Hā‘upu Ridge serves as a geological divide, separating the arid Kōloa region to the south from the lush northern landscape of Līhu‘e. In Hawaiian mythology, the ridge symbolizes the influence of powerful deities whose tumultuous love affairs shaped the topography between Kōloa and Līhu‘e.

According to some Hawaiian cultural practitioners, the fire goddess Pele governs the arid expanse of Kōloa, reflecting her harsh and commanding nature. In contrast, her estranged lover, the pig demi-god Kamapua‘a, associated with taro cultivation and soil fertility, resides in the verdant Līhu‘e area. The rugged terrain of the area is said to be attributed to the turbulent interactions of these two deities, marking the dramatic landscape with the echoes of their intermittent love affairs.

It is believed the influence of Pele and Kamapua‘a also impacts the microclimates of Kōloa and Līhu‘e. During periods of drought in Kamapua‘a's lush domain, it is believed that Pele has taken residence, and conversely, heavy rains in Pele’s arid territory are seen as a sign of Kamapua‘a's presence.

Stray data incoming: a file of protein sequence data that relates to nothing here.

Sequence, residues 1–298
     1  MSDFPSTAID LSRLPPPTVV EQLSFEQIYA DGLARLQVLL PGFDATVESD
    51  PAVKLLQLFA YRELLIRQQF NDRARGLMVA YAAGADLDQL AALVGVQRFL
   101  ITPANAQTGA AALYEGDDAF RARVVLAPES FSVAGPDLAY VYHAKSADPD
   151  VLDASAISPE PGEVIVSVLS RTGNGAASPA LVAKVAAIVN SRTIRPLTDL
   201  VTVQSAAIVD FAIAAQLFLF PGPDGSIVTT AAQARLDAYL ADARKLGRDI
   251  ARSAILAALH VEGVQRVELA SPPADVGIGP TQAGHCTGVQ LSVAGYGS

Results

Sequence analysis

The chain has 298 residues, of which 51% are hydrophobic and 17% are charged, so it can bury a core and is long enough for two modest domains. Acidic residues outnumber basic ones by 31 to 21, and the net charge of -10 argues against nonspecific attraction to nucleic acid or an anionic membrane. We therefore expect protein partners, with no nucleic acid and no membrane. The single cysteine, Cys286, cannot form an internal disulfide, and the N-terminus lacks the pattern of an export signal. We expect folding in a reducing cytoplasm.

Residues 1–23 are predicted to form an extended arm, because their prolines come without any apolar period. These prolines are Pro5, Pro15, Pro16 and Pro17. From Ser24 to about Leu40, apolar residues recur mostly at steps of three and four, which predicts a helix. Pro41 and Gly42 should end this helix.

Additionally, several heiau (Hawaiian temples) have been discovered within the region, suggesting this area was home to an active community that held a deep sanctity for the land.

The Breadbasket

Vegetation like this ‘ulu (breadfruit) tree in the Hulēʻia National Wildlife Refuge, can disclose insights about past sustenance, resource use, and settlement.

“Places like Hulē‘ia are prime growing areas,” says Jennifer Waipa, who is an archaeologist by training and the former archaeologist and current visitor services manager for the Kaua‘i National Wildlife Refuge Complex (KNWRC). She has been working at the Refuge Complex for 15 years. According to Waipa, fruit trees and other domestic vegetation such as mai‘a (banana), ‘ulu (breadfruit), and monkeypod can serve as great cultural indicators. Vegetation can disclose insights about past sustenance, resource use, and settlement.

Waipa calls this area “the breadbasket" of Kaua‘i, with a bounty stemming largely from the diverse water exchanges taking place within the Hulē‘ia region.